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The effect of physical activity on haematological predictors of cardiovascular risk - Evidence of a dose response

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journal contribution
posted on 24.03.2022, 16:47 by Rachel A. Adams, Tim Higgins, Stephen Potter, Shelley-Ann Evans
Cardiovascular disease is a major cause of morbidity and mortality in the developed world. Large epidemiological studies have reported a strong association between increases in haematological factors and increased cardiovascular risk. Haematological risk factors predicted cardiovascular disease at least as strongly as traditional risk factors such as blood lipid concentrations. Lifestyle factors such as physical activity level could significantly reduce risk. The aim of this study was to determine the effect of physical activity level on haematological predictors of cardiovascular risk. Healthy subjects (156) were recruited. Physical activity in subjects was assessed by IPAQ physical activity questionnaire. Blood was collected and blood cell counts were determined by automated cell counter; neutrophil elastase was determined by ELISA. Increased levels of physical activity were associated with reduced red cell (p = 0.001), white cell (p = 0.002) and platelet counts (p = 0.001) and with reduced plasma neutrophil elastase concentration (p = 0.001). There was a continuous linear relationship between increase in physical activity and decrease in haematological risk factors. Hence, the authors conclude that increased levels of physical activity improve the flow properties of blood and thus reduce the risk of developing cardiovascular disease. Even small increases in activity result in some reduction in cardiovascular risk.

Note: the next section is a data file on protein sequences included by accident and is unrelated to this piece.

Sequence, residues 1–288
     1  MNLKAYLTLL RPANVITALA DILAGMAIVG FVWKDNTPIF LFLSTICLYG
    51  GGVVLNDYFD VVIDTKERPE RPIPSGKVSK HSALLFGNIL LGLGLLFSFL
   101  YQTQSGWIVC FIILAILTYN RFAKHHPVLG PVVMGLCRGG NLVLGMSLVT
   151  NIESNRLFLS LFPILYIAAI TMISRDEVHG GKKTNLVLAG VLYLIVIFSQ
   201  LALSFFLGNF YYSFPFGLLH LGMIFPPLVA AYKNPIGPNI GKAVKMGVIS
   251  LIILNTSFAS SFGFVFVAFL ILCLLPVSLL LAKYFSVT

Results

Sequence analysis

History

Published in

Clinical hemorheology and microcirculation

Publisher

IOS Press

Publication Year

2012

Version

AM (Accepted Manuscript)

Citation

Adams, R.A., Higgins, T., Potter, S. and Evans, S.A. (2012) 'The effect of physical activity on haematological predictors of cardiovascular risk–evidence of a dose response', Clinical hemorheology and microcirculation, 52(1), pp.57-65. doi: 10.3233/CH-2012-1566

Print ISSN

1386-0291

Cardiff Met Affiliation

  • Cardiff School of Sport and Health Sciences

Cardiff Met Authors

Rachel A. Adams Shelley-Ann Evans

Cardiff Met Research Centre/Group

  • Cardiovascular Metabolism and Inflammation

Copyright Holder

© The Authors

Language

en